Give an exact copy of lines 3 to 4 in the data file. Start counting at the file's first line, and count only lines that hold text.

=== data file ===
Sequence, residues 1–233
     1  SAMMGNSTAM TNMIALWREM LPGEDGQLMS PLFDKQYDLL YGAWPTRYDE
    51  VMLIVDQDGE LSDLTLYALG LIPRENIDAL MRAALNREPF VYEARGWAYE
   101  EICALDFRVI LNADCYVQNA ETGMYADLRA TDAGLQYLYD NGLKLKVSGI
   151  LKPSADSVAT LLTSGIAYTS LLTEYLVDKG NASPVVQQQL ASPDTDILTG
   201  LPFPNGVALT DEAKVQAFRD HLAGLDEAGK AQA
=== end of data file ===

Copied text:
    51  VMLIVDQDGE LSDLTLYALG LIPRENIDAL MRAALNREPF VYEARGWAYE
   101  EICALDFRVI LNADCYVQNA ETGMYADLRA TDAGLQYLYD NGLKLKVSGI